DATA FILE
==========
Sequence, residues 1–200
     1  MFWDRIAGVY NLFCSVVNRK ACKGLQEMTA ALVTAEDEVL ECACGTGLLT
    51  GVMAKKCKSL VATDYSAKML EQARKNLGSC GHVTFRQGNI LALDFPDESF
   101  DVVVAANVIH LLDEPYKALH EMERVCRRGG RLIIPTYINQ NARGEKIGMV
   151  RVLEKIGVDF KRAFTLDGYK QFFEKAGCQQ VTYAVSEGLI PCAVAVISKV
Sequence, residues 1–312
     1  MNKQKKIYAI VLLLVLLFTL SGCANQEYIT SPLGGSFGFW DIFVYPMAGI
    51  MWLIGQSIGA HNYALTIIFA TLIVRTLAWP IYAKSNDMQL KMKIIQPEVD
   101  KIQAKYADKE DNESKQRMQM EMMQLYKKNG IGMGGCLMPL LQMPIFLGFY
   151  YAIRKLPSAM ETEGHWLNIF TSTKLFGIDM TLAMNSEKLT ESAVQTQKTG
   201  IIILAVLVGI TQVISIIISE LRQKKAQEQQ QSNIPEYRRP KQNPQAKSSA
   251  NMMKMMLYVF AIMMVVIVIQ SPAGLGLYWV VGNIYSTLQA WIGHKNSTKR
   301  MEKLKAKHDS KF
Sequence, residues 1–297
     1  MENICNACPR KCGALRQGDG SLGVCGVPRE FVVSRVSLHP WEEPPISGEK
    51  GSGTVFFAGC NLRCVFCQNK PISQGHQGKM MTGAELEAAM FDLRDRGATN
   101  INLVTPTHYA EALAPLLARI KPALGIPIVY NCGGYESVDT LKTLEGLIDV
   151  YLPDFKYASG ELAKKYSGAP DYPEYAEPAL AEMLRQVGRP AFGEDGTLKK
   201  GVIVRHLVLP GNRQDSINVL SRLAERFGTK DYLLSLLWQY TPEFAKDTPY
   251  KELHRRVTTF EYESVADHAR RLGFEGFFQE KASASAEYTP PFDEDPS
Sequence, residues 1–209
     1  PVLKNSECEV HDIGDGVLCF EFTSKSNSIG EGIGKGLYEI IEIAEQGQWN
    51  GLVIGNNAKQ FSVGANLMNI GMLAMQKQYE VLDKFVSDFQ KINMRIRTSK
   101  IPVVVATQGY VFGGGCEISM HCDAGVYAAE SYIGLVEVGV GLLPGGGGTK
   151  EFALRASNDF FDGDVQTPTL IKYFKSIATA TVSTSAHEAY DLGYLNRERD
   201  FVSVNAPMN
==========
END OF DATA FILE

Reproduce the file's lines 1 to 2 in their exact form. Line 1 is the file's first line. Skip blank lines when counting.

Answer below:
Sequence, residues 1–200
     1  MFWDRIAGVY NLFCSVVNRK ACKGLQEMTA ALVTAEDEVL ECACGTGLLT